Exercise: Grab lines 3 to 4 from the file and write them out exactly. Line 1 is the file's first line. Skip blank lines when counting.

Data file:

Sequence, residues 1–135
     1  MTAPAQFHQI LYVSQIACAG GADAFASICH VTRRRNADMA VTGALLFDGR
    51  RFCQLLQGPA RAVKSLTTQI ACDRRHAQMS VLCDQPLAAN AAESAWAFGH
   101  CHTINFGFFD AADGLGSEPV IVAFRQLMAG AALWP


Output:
    51  RFCQLLQGPA RAVKSLTTQI ACDRRHAQMS VLCDQPLAAN AAESAWAFGH
   101  CHTINFGFFD AADGLGSEPV IVAFRQLMAG AALWP